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Household's in Missouri aren't the only ones feeling the financial pinch in these tough economic times, law enforcement agencies throughout the area are feeling the pinch too.
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As a result, the police forces in Marionville and Aurora will combine forces and enter into an intergovernmental agreement for a year to see how it works out before solidifying both department's into one unit.
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The Marionville and Aurora Police Departments have been mulling over the merger for several months and city attorney's for both municipalities are tweaking paperwork and conditions prior to signing paperwork to join the forces early next year.
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Right now Marionville, which has two full and part time officers in addition to Chief Mark Webb, and an annual budget of $240,000 pays Aurora for 9-1-1 dispatch and jail space compared to Aurora PD's annual budget of $1.6 Million and sixteen officers. A limited police force leaves Marionville without protection around the clock. "This is a total win for Marionville," said Webb, who will become Chief Deputy in Aurora when the law enforcement agencies are combined.
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Marionville Police Chief Mark Webb



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Aurora Police Chief Rick Witthuhn echoed the sentiment. "Their criminals are our criminals." "By combining our departments, we will benefit from their budget and they will benefit from ours."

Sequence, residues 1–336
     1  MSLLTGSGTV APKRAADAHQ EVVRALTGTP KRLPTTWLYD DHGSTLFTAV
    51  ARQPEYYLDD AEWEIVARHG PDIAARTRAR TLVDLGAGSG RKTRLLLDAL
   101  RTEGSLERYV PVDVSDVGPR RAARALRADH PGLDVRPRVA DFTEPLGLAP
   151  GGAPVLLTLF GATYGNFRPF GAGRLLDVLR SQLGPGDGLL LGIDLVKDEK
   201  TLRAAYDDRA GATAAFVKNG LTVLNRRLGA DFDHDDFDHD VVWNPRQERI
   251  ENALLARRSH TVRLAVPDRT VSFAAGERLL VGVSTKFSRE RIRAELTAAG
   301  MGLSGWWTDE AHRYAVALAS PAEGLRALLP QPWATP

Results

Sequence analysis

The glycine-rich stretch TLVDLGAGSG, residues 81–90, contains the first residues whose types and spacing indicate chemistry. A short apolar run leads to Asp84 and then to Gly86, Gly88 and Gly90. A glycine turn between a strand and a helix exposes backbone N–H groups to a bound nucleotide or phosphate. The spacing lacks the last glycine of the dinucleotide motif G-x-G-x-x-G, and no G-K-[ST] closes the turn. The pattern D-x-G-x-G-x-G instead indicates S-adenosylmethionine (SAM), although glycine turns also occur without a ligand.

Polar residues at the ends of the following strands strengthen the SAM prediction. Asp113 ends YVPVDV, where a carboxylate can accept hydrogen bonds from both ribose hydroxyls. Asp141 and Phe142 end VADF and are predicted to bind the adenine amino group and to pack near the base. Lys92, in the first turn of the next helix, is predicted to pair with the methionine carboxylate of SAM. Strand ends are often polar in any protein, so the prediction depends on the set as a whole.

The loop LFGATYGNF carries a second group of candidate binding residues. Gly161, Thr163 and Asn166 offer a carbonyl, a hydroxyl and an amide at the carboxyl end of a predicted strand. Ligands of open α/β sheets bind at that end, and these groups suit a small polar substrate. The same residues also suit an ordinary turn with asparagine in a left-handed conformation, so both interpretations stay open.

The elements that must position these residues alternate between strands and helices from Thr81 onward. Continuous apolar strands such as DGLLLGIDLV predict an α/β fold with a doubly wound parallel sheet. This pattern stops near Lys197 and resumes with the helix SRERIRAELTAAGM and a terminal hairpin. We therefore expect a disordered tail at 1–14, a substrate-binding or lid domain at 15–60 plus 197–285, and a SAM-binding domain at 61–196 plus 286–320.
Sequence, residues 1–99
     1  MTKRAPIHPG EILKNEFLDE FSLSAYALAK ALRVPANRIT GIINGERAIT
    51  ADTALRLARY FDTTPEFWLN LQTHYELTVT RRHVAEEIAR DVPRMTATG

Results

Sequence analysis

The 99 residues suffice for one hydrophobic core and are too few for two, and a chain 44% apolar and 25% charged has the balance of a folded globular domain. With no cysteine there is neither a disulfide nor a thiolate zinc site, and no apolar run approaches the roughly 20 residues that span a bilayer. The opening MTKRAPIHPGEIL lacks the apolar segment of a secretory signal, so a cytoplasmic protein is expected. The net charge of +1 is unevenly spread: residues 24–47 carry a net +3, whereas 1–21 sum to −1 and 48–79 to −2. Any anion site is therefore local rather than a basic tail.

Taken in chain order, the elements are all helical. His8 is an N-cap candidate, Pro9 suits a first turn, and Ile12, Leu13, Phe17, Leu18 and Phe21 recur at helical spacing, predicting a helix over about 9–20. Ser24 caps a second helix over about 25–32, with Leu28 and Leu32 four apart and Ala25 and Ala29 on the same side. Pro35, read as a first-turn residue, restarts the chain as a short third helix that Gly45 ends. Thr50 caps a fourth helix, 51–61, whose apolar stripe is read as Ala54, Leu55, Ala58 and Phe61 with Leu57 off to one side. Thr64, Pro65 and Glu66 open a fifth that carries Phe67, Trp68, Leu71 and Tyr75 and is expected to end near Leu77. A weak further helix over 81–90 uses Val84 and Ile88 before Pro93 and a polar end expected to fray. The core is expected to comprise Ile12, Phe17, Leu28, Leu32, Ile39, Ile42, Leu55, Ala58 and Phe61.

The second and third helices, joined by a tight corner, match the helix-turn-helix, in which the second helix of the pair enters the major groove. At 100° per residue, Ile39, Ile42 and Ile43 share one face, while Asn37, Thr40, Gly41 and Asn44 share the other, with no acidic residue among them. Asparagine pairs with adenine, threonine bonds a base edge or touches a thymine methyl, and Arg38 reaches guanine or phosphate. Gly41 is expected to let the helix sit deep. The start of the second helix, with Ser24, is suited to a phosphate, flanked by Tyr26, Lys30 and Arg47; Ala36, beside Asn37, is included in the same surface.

"We will be able to offer additional training to both departments and be able to provide more comprehensive crime investigations," said Webb.
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And both chiefs have a wealth of experience and expertise to offer their officers. Witthuhn is a retired Wichita, Kansas officer and Webb spent years working with the Springfield Police Department.
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Webb says there has been a lot of interest from the Missouri Municipal League and the Attorney General's office in the merger because this type of agreement between law enforcement hasn't been done in the state before. A graduate student will offer the departments and unbiased assessment of the merger during the first year, said Webb.
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If the proposed merger is successful it would take about three years to complete the implementation.  The combined departments would then choose a new name and be headquartered in Aurora, with a satellite office in Marionville.

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